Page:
After a quick trip to the corner store, I used my new purchase: tapioca starch. I could have made my own by whirling the pearls in a food processor (I realized too late).


Perfect! I didn't cook it very long, just to the boil.


Fill an unbaked pie crust with the gooseberry mixture and dot with butter.


Cover with the top crust, cinch the edges and vent by making a few small slits with a knife. Always, always, bake pies on a foil covered cookie sheet. This not only prevents the filling from overflowing onto the oven floor, but makes taking the hot pie from the oven much easier. Refrigerating the pie for an hour or so before baking will help the crust edge retain its shape.


The edges of the crust got a little too brown, even though I covered them with foil near the end.


Since the DH and I couldn't eat an entire pie, I shared some with our neighbors, (a British-American couple) who have two teenage sons. The next day, my native London neighbor told me that his mother used to make gooseberry tarts.

Production notes: Trim both ends of the gooseberries.Use either minute tapioca or tapioca starch for the best results. Cook the filling just until it comes to the boil. Let cool before filling the pie shell. Modern day tastes may like more filling, so feel free to increase the amount of gooseberries (and sugar, tapioca, etc., proportionally).  Pie crust recipe follows.



My favorite pie crust recipe

2 1/2 c. all-purpose flour
1 stick of cold butter, cut into small pieces
6 T. cold Crisco, cut into pieces
2 t. sugar
1 t. salt
3 - 6 T. cold water

Place dry ingredients in a food processor and whirl to blend.  Add butter and Crisco and process until it resembles cornmeal. Transfer to a round bowl, and add the water, a couple of tablespoons at a time.  Blend with a fork.  When it holds together, transfer to a lightly floured surface and form a large ball.  Divide in half and either roll out between two sheets of plastic wrap, or refrigerate until it's a bit firmer and then roll out.

Sunday, July 12, 2015

World's Easiest Blueberry Muffins


Many years ago, while blueberry picking in the Adirondacks, we found an orchard so rich with berries (as in, you could pick them by the handful!) that within an hour or so, we had amassed nearly 15 pounds of the fruit. (And that doesn't count the fact that the children ate more than they dropped in the bucket.) During the following week, I baked them in numerous pies and cobblers and muffins and cakes from all sorts of recipes, but until this week, I'd never found a blueberry muffin recipe as simple and delicious as this one.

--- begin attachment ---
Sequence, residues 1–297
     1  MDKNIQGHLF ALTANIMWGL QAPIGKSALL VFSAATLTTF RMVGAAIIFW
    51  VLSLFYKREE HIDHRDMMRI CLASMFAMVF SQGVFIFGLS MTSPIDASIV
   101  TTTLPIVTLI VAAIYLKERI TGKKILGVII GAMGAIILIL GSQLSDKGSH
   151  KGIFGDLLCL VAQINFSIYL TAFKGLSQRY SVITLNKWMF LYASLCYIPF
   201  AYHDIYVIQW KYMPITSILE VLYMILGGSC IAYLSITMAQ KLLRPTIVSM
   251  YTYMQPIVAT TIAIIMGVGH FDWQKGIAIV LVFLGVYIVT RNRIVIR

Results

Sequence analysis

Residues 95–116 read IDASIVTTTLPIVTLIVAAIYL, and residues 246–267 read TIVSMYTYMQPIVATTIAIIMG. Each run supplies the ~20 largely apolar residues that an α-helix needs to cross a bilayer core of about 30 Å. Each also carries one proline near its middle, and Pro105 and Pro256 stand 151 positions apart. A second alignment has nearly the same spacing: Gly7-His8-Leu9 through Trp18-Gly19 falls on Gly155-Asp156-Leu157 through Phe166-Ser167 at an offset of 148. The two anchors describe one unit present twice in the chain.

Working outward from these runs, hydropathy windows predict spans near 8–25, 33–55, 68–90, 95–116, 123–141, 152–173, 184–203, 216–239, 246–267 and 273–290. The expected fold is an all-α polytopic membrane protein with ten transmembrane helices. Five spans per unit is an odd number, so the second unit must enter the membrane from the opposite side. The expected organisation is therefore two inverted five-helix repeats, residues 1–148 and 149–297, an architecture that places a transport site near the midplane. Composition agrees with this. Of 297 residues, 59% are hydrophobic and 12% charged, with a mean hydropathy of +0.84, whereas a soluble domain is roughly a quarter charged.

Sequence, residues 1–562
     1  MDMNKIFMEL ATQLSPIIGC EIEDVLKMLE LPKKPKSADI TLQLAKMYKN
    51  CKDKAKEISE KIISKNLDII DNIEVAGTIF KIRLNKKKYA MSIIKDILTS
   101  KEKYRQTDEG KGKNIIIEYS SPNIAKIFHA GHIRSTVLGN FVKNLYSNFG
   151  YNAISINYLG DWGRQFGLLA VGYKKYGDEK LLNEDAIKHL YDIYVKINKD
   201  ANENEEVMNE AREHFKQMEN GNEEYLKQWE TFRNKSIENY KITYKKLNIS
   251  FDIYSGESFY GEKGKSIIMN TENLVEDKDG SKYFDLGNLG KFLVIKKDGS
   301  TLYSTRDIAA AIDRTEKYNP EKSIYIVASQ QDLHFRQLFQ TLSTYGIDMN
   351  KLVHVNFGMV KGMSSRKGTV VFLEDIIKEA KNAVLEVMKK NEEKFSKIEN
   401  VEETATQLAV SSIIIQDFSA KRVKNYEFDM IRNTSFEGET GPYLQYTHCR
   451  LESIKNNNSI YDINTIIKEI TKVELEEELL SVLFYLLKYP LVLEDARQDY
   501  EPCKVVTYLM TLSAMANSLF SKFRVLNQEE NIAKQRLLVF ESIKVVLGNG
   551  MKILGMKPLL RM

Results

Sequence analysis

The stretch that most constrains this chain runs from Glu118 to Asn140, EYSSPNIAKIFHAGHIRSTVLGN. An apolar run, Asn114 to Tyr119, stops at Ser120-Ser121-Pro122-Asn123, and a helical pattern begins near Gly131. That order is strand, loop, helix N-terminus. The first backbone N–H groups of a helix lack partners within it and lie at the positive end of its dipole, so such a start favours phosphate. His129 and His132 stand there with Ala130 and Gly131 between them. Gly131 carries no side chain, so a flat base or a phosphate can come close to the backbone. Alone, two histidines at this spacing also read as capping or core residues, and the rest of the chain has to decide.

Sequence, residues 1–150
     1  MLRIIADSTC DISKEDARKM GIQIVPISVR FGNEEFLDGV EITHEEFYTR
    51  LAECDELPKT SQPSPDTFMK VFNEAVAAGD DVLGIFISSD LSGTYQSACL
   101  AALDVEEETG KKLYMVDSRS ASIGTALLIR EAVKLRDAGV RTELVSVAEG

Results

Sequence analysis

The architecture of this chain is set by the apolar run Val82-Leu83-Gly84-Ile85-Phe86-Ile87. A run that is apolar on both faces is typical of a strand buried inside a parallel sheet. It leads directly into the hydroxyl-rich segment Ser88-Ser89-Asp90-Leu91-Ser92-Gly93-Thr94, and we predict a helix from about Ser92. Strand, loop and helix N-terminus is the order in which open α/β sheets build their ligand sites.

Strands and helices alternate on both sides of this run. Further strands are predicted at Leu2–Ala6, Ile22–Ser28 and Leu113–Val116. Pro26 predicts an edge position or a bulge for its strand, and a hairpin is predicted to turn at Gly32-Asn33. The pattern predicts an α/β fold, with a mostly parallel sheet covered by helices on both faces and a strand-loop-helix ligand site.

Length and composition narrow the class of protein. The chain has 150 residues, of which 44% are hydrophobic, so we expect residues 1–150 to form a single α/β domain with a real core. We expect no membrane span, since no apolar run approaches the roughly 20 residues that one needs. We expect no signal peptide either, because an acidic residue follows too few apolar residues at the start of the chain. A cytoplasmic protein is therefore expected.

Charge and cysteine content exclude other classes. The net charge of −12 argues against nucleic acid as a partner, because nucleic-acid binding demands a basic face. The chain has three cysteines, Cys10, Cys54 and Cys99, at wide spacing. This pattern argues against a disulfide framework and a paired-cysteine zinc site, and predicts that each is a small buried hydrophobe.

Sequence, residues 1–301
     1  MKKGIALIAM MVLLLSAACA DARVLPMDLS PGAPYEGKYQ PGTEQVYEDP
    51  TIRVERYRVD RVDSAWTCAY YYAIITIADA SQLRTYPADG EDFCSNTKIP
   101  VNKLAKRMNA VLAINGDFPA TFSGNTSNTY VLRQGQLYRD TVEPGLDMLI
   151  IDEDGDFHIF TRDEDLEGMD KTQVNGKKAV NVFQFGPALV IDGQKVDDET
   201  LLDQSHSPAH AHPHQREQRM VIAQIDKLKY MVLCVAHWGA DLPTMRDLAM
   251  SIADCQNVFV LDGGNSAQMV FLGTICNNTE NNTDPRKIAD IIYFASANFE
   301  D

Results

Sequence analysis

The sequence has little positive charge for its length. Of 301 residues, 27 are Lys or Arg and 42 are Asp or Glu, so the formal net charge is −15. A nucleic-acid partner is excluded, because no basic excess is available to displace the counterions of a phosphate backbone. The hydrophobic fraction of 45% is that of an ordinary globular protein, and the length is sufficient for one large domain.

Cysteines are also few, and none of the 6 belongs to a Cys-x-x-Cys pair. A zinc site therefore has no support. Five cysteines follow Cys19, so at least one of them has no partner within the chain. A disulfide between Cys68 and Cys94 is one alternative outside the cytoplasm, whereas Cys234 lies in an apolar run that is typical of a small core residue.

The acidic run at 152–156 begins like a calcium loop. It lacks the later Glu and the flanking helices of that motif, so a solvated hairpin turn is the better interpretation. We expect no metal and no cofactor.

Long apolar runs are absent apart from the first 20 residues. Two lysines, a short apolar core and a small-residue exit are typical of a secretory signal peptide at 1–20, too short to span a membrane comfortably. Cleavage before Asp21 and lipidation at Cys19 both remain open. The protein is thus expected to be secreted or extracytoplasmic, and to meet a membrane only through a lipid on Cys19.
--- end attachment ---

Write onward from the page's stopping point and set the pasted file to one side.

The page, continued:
It is ridiculously easy, so simple than an eight-year-old could make these. Or maybe even a four-year-old.  They require no special equipment: just one bowl, a measuring cup, a spoon and a fork.  And muffin tins, of course.  The batter can be put together so quickly, that you can enjoy warm-from-the-oven muffins in just over 30 minutes.


 Below are the ingredients: blueberries, an egg, oil, milk, flour, sugar, baking powder and salt.


Combine the dry ingredients in a bowl and mix with a fork.  Add the wet ingredients (the egg, oil and milk) and stir together.


Fold in the blueberries.


Spoon into paper-lined muffin tins.


Bake for 20 to 30 minutes. (The lighter colored one in the center was baked for 20 minutes, and I thought it was too light, so I returned the pan to the oven for about 8 more minutes. I just popped it back in place for the photo.)


Voila!


Production notes: I followed this exactly (and have written out the method a bit more clearly below). I used 1 percent milk (because that's all we had) and regular vegetable oil. 


World's Easiest Blueberry Muffins

Preheat oven to 350F
Line a muffin tin with paper liners

1 1/2 c. all-purpose flour
3/4 c. sugar
3 t. baking powder
1/2 t. salt
1 large egg
1 c. (approximately) milk
3 T. vegetable oil
1 c. fresh blueberries

In a large bowl, combine flour, sugar, baking powder and salt. Set aside.
Break an egg into a two-cup glass measuring cup. Add milk to reach the one-cup mark. Add the oil. Mix together with a fork, breaking up the egg.
Pour the liquid ingredients into the large bowl and combine. (Don't overmix, or your muffins will be tough.)
Carefully blend in the blueberries.
Spoon the batter into the tin.
Bake until done. (20 minutes wasn't enough in my oven -- you want some color on these -- so I baked them for nearly 30).